• 2.
    Islam, Mohammad Mirazul
    et al.
    Harvard Med Sch, USA.
    Sharifi, Roholah
    Harvard Med Sch, USA.
    Mamodaly, Shamina
    Harvard Med Sch, USA.
    Islam, Rakibul
    Univ Oslo, Norway;Oslo Univ Hosp, Norway.
    Nahra, Daniel
    Harvard Med Sch, USA.
    Abusamra, Dina B.
    Harvard Med Sch, USA.
    Hui, Pui Chuen
    Harvard Med Sch, USA.
    Adibnia, Yashar
    Harvard Med Sch, USA;Yeditepe Univ, Turkey.
    Goulamaly, Mehdi
    MIT, USA.
    Paschalis, Eleftherios I.
    Harvard Med Sch, USA.
    Cruzat, Andrea
    Harvard Med Sch, USA;Pontificia Univ Catolica Chile, Chile.
    Kong, Jing
    MIT, USA.
    Nilsson, Per H.
    Linnaeus University, Faculty of Health and Life Sciences, Department of Chemistry and Biomedical Sciences. Univ Oslo, Norway;Oslo Univ Hosp, Norway.
    Argileso, Pablo
    Harvard Med Sch, USA.
    Mollnes, Tom Eirik
    Univ Tromsö, Norway;Norwegian Univ Sci & Technol, Norway.
    Chodosh, James
    Harvard Med Sch, USA.
    Dohlman, Claes H.
    Harvard Med Sch, USA.
    Gonzalez-Andrades, Miguel
    Harvard Med Sch, USA;Reina Sofia Univ Hosp, Spain;Univ Cordoba, Spain.
    Effects of gamma radiation sterilization on the structural and biological properties of decellularized corneal xenografts2019In: Acta Biomaterialia, ISSN 1742-7061, E-ISSN 1878-7568, Vol. 96, p. 330-344Article in journal (Refereed)
    Abstract [en]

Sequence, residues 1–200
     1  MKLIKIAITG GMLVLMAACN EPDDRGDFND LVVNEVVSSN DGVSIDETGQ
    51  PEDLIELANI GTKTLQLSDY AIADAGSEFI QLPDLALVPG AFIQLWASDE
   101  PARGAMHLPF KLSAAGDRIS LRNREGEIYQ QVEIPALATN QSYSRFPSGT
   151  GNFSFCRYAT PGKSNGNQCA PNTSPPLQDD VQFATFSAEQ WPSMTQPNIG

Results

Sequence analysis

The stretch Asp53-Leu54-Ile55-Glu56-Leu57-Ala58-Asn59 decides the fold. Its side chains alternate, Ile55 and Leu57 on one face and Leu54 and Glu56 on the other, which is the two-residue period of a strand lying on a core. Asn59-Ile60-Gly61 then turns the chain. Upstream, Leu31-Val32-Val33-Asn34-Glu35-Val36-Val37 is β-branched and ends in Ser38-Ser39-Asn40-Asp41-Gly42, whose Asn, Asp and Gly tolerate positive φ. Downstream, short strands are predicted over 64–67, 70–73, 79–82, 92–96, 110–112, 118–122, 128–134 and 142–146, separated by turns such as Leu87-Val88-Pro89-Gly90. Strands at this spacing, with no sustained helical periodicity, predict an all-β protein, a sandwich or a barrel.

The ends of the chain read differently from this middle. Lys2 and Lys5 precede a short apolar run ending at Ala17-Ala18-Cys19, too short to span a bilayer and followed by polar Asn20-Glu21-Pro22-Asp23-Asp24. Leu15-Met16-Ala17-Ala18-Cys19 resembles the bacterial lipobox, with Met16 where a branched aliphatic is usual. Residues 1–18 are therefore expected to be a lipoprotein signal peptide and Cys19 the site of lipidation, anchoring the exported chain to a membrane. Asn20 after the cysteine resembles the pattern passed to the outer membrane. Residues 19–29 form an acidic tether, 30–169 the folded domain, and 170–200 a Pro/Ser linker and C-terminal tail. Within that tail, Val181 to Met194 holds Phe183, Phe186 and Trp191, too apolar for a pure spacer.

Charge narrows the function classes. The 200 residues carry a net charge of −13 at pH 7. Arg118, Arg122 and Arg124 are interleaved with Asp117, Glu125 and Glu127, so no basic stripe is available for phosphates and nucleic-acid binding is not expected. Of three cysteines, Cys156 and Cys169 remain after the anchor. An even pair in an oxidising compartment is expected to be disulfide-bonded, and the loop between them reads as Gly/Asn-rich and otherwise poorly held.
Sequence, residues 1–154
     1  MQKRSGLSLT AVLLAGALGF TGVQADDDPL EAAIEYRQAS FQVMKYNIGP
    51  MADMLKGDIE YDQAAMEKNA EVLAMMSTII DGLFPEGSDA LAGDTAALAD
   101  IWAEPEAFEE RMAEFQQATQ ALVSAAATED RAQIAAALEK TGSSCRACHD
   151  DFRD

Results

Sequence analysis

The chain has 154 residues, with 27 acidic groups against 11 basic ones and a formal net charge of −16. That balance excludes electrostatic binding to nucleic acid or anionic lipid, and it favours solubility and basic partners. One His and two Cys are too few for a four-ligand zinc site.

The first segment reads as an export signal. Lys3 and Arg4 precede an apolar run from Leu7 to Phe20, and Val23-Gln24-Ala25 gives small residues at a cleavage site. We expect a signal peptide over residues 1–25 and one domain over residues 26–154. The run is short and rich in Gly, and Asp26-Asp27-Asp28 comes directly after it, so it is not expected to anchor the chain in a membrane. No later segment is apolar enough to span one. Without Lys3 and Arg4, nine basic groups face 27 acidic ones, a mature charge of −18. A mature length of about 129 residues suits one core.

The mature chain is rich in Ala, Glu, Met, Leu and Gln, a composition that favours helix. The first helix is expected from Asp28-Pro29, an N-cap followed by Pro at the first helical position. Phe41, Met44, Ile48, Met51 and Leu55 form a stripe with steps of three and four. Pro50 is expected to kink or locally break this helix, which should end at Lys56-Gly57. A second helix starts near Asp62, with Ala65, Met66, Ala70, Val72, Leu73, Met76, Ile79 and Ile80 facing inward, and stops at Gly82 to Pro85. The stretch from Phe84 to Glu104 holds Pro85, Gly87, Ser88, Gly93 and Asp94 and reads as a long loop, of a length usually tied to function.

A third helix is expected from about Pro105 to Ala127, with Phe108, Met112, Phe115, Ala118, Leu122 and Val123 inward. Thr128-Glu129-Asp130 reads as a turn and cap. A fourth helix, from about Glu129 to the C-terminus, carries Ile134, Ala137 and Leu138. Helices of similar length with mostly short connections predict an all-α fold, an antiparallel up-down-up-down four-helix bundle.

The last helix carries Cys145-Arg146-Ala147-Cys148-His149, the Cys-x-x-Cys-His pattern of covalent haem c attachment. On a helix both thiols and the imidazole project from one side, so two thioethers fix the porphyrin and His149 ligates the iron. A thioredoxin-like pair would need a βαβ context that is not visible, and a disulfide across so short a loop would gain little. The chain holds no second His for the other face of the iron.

To address the shortcomings associated with corneal transplants, substantial efforts have been focused on developing new modalities such as xenotransplantion. Xenogeneic corneas are anatomically and biomechanically similar to the human cornea, yet their applications require prior decellularization to remove the antigenic components to avoid rejection. In the context of bringing decellularized corneas into clinical use, sterilization is a crucial step that determines the success of the transplantation. Well-standardized sterilization methods, such as gamma irradiation (GI), have been applied to decellularized porcine corneas (DPC) to avoid graft-associated infections in human recipients. However, little is known about the effect of GI on decellularized corneal xenografts. Here, we evaluated the radiation effect on the ultrastructure, optical, mechanical and biological properties of DPC. Transmission electron microscopy revealed that gamma irradiated decellularized porcine cornea (G-DPC) preserved its structural integrity. Moreover, the radiation did not reduce the optical properties of the tissue. Neither DPC nor G-DPC led to further activation of complement system compared to native porcine cornea when exposed to plasma. Although, DPC were mechanically comparable to the native tissue, GI increased the mechanical strength, tissue hydrophobicity and resistance to enzymatic degradation. Despite these changes, human corneal epithelial, stromal, endothelial and hybrid neuroblastoma cells grew and differentiated on DPC and G-DPC. Thus, GI may achieve effective tissue sterilization without affecting critical properties that are essential for corneal transplant survival. (C) 2019 Acta Materialia Inc. Published by Elsevier Ltd. All rights reserved.